Griffin: Who benefits from business district tax?
When Bill Fagi looks across the parking lot at Stratford Square Mall in Bloomingdale, he sees where some of his profits go.
Customers at Fagi's Furniture Connections in the mall are paying higher taxes on their purchases than they would if they shopped at the furniture store on the outskirts of the mall.
"It certainly does put us at a disadvantage, especially at a furniture store because our products are bigger-ticket items," Fagi said. "We have to give extra discounts to bring in customers to make up for the extra taxes they are paying."
Money from the business district sales tax is used to cover the cost of improvements like a facelift in Stratford Square, which are pitched as a way of increasing overall sales.
But unlike most sales taxes that fund government services, much of the business district tax is going to developers or owners of shopping malls.
The business district tax is becoming more common as municipalities struggle to recover from the Great Recession and loss of shoppers to the Internet. Leaders in both Roselle and Villa Park initiated 1 percent business district taxes within the past year, the maximum rate on districts that cannot exceed 1 square mile. In some suburban locations, the additional business district tax can raise the sales tax to 9.25 percent, equal to the sales tax in Chicago.
East Dundee has three different business districts, each charging an extra half-percent in sales taxes. They were created in 2009, 2010 and 2011 to give businesses a portion of the tax money as an incentive to locate there. Only two are generating revenue.
"The money is used to help spur development," said Heather Maieritsch, the village's deputy administrator and clerk. "Each business has to come before the board and we work to negotiate how much they'll receive and for how long, but it's usually no more than 30 percent."
Proponents of these taxes look at them as a way to help sustain and grow a commercial area. Critics argue the additional tax pushes shoppers away and might also limit development in the area.
"It needs to be used like anything else, in moderation," said Bill Brandt, outgoing chairman of the Illinois Finance Authority, a quasi-public state lending agency. "Here's an issue where you have to pause and talk about cannibalization. God love them for trying, but three in one suburb is probably pushing the limit."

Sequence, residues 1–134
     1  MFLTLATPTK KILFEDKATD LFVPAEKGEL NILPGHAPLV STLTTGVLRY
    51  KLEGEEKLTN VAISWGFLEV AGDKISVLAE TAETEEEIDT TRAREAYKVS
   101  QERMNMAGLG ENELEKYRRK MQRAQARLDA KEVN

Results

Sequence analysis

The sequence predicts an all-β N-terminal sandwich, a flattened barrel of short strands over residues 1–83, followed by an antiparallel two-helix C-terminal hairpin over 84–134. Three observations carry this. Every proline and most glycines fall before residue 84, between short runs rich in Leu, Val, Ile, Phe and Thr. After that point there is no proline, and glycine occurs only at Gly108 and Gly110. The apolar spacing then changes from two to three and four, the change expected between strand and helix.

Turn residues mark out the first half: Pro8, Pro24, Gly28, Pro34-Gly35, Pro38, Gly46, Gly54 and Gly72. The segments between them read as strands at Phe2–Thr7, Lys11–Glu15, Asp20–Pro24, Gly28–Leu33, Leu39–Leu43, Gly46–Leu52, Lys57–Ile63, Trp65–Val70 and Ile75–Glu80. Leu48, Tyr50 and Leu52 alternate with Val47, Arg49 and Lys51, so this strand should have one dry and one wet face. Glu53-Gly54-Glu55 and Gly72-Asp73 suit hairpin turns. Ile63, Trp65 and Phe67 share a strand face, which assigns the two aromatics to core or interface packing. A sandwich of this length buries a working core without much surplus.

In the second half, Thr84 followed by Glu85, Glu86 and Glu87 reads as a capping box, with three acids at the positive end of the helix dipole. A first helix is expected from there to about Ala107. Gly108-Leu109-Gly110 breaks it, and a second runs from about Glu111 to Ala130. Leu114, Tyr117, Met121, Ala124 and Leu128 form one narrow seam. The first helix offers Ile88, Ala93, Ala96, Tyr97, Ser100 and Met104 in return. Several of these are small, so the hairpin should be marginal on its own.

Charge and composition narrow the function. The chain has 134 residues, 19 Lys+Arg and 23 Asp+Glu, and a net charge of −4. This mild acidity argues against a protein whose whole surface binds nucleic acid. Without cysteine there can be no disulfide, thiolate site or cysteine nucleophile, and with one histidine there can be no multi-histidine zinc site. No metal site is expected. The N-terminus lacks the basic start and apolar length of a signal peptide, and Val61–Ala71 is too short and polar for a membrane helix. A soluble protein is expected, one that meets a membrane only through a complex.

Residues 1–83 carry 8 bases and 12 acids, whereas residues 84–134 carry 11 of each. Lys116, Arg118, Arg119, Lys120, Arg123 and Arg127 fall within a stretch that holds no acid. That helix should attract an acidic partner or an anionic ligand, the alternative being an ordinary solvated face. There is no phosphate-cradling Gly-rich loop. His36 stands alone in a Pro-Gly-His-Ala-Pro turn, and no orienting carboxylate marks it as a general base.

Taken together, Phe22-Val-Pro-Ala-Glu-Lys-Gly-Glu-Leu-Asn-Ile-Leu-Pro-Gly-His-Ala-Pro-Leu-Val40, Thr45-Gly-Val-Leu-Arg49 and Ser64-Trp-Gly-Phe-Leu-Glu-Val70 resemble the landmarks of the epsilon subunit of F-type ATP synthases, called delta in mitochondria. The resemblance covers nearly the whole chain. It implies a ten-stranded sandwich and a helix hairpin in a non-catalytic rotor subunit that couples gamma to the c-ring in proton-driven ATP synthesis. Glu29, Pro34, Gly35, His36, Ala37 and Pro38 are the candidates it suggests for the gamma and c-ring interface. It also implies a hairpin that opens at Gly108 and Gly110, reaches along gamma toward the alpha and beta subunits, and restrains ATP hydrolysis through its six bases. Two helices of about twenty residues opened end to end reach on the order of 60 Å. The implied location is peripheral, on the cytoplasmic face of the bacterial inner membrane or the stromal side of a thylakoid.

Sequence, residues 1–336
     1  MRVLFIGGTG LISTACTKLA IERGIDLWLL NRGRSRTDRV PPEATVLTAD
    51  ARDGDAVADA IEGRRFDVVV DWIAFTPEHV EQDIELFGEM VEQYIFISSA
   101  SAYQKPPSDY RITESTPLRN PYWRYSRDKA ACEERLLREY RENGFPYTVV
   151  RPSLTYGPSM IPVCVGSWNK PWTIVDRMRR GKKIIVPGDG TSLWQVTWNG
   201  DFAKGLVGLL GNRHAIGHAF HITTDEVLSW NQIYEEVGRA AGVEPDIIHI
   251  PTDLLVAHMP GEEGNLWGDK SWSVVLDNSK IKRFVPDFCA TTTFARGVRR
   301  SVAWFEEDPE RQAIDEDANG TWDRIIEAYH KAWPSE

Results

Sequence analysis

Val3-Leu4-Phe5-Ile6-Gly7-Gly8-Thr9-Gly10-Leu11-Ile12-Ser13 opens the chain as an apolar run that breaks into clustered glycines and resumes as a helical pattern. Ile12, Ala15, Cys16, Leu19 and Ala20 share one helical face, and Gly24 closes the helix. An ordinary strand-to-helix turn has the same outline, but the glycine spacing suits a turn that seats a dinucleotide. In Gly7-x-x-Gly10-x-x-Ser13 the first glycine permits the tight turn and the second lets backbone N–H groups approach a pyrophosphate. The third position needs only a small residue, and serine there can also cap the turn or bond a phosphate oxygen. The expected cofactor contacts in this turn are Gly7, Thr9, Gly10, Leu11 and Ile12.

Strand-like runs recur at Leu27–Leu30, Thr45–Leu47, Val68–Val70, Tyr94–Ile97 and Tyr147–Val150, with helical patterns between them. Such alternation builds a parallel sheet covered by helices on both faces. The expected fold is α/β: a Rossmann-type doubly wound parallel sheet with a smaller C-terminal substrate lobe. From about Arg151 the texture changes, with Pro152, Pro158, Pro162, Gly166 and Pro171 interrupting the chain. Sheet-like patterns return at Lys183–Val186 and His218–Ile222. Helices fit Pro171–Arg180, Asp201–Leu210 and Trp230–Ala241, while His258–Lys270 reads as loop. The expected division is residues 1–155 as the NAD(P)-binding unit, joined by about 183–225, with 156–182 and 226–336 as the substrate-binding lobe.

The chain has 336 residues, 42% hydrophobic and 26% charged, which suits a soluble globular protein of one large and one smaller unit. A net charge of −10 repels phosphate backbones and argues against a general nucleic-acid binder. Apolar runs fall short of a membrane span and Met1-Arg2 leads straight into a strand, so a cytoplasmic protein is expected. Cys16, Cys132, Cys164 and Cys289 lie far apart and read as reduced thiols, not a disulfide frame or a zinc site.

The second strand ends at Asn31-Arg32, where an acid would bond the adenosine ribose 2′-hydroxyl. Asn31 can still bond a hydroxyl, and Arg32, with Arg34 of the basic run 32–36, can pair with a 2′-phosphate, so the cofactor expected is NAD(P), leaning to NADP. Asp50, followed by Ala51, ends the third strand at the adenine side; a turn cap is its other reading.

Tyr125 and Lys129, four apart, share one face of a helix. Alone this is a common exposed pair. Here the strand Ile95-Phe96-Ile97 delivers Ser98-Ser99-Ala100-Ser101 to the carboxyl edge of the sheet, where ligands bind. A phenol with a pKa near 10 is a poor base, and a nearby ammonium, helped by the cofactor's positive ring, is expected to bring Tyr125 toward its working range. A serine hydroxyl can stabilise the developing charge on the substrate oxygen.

Bloomingdale has two such districts. One adds a 1 percent sales tax to purchases inside Stratford Square and another adds the same percentage at Indian Lakes Resort, where it's used to help pay off $4.8 million in village-issued debt that went to the resort for improvements.
At the mall, Stratford Square's owners get almost all of the additional taxes collected.
Last year, the village paid the owners of the mall $1,199,151, which is more than 95 percent of all the money generated by the business district tax. Since the tax was implemented, the village has paid the mall owner more than $8 million. According to village finance records, the mall owner still is owed more than $11 million.
Yet sales haven't rebounded. In 2006, Bloomingdale took in almost $12.4 million in sales tax revenue. Last year, the village tallied just $10.8 million in sales taxes, and more than $1.3 million of that was earmarked business district taxes.
Lombard has a similar deal with its mall owner. The village instituted a 1 percent business district tax almost a decade ago. It helps push the sales tax rate at Yorktown Center mall to 9.25 percent.
Lombard's deal allows up to $25 million in business district taxes to be rebated to Yorktown's owner through 2024, in exchange for an addition that was built onto the mall where an abandoned Montgomery Ward once stood. So far, the mall's owner has received almost $4.2 million from the business tax.
"They are getting back what they generate," Lombard Finance Director Tim Sexton said.
Brandt says the deal gives shopping center owners an incentive to increase sales.
"You want to see the developer with some skin in the game," he said. "The risks deserve to be shared."
Taxpayers in Oakbrook Terrace are the ones with skin in the game. The city borrowed nearly $8.2 million to spur development of the Oakbrook Terrace Square Shopping Center. City officials did not return calls seeking comment about the city's stake in the shopping center. However, according to the city's budget documents, the investment has yet to pay off.
"The lack of retailers will significantly impact the business district's bottom line in fiscal year 2015 because the taxes collected will not be sufficient to cover the cost of principal and interest payments," the budget narrative reads.
Leaders in Oakbrook Terrace will have to dip into reserves to cover the "deficiency," according to the city's budget.
Like Lombard's Yorktown Center, the sales tax rate at Oakbrook Terrace Square is also 9.25 percent. And so is the tax rate at Mount Prospect's Randhurst Village.
But that didn't even make Cindy Adams bat an eye when she opted to locate her business, Nothing Bundt Cakes, in the shopping center.
"It didn't even cross my mind and I can honestly say I have not seen a negative effect from it," Adams said. "People in Cook County expect higher taxes, so they don't even think twice about it."
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